Yesthattoo.blogspot.com

Blog:Yes, That Too- Five Meals

Blog:Yes, That Too- Five Meals

Hi all, long time no see, time for a “meet the blogger” type post to see if I can get myself writing. (It’s been a rough year, and not just because of the political situation. Though being scared of that makes things much harder.) Anyways. 1) my moms chicken noodle soup2) 拉面 (la/lo mian/mein), as done at small places in large Chinese cities3) Mac and cheese with cayenne and tuna4) Lamb vindaloo5) Three layer chocolate

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Blog:Yes, That Too- “They aren't having communication breakdowns”

Blog:Yes, That Too- “They aren't having communication breakdowns”

I’ve heard plenty of arguments about why AAC isn’t needed. Thankfully, I hear most of them in the context of people explaining what they do when they encounter them, rather than the context of people trying to tell me not to type to communicate. Today, Dana Neider, the blogger behind Uncommon Sense, gave the keynote for AAC in the Cloud today. She mentioned one that I hadn’t heard before and I wasn’t really expecting to

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Blog:Yes, That Too- Assigned “friends” and unintended lessons

Blog:Yes, That Too- Assigned “friends” and unintended lessons

I often hear about things like “assigned friends” and “friends of the day” in disability contexts. It creeps me the heck out.

Essentially, a student who is presumed to be abled is assigned, in some fashion, to a classmate who is presumed to be disabled, is new to the class when no one else is, or is presumed to “need help with social skills.” Sometimes this means the person is assigned to be their partner (or

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Blog:Yes, That Too- I'd rather see a student psychologist. Really

Blog:Yes, That Too- I'd rather see a student psychologist. Really

I’m in therapy right now. I have been (in this iteration) since late January, both dealing with deaths in the family (three this semester, one of which hit me harder than most – that was my grandfather near the start of January) and trying to get something resembling a handle on my anxiety. On the to-do list is gender-related stuff, eventually, since I do have some physical dysphoria in addition to the social stuff. But

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Blog:Yes, That Too- Not the way you mean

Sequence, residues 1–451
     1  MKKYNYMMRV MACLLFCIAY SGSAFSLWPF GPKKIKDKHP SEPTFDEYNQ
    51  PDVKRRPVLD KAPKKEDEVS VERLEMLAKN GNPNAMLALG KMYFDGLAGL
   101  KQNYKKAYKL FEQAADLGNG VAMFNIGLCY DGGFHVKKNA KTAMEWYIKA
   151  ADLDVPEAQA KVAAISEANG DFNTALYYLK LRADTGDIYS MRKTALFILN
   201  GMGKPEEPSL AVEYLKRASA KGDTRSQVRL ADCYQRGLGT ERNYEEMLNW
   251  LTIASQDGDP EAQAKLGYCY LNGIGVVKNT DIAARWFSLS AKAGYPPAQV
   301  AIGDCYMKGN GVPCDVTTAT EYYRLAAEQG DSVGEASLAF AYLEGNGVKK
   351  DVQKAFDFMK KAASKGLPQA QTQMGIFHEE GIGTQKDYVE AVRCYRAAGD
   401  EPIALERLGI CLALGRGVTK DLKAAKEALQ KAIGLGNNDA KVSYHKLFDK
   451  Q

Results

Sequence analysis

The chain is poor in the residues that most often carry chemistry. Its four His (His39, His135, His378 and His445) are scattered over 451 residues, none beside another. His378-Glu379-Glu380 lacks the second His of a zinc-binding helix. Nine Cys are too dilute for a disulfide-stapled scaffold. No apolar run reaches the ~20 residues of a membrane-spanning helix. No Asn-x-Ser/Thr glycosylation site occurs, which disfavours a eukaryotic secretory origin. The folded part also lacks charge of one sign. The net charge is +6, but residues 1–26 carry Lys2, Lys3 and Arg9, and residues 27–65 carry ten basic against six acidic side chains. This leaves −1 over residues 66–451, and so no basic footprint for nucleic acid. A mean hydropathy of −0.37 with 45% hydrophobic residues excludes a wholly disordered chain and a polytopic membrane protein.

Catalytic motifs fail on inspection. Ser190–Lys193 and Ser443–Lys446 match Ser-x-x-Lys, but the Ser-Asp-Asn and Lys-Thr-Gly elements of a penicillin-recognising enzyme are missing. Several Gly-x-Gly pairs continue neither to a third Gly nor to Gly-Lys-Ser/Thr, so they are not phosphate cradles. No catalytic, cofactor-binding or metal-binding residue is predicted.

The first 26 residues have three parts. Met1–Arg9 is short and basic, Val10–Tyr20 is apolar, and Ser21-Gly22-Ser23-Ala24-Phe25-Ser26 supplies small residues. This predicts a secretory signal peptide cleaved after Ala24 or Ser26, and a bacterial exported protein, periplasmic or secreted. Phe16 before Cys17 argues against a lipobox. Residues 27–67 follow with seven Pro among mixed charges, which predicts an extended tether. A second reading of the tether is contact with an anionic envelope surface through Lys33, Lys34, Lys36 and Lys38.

Blog:Yes, That Too- Not the way you mean

In my experience, a lot of questions get asked as proxies for other questions. Sometimes the two questions have different answers. Most of the times I can think of this happening have been somewhat medical. Which might be its own pattern, or might be because I notice/remember it more when the difference matters more. I’m not certain.

Example the first: Have you fallen in the last six months?

Every time a doctor has asked me this, they’ve

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Blog:Yes, That Too- What if they're stimming with the device?

Blog:Yes, That Too- What if they're stimming with the device?

In response to the fact that it is not OK to take someone’s communication device away, ever, apparently it is common to ask, what if the person is stimming and (we assume) that’s interfering with communication.

There are a few points I want to make in response to that. Some I’ve seen elsewhere. Some, less so.

What would you do if a kid was vocally stimming, with their natural voice, and you thought that was impeding their

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Blog:Yes, That Too- Self-regulation, AAC access, and arguments that should not need to be

Blog:Yes, That Too- Self-regulation, AAC access, and arguments that should not need to be

One of the big things with augmentative and alternative communication devices is that you’re not supposed to take the device away from the person who uses it. The idea that you don’t do that came up in the AAC class I’m taking this semester. The reason that came up is a bit different from the visceral, that’s how I talk wtf reaction I have as a part time AAC user, but it came up.

The video

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Blog:Yes, That Too- I'm gonna talk about pain now

Blog:Yes, That Too- I'm gonna talk about pain now

Under most circumstances where people would expect me to report pain, I display a really high pain tolerance, or threshold, or probably both. I’ve mentioned a couple times that I went hiking on a freshly broken foot, and that I was fine. When I got attacked by an ~800lb Old Spot pig, I had a cantaloupe sided lump on my thigh, and I also went on rides at the Fryeburg fair that afternoon. (I got

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Blog:Yes, That Too- Dear Medical Professionals, I'm not a sick or injured NT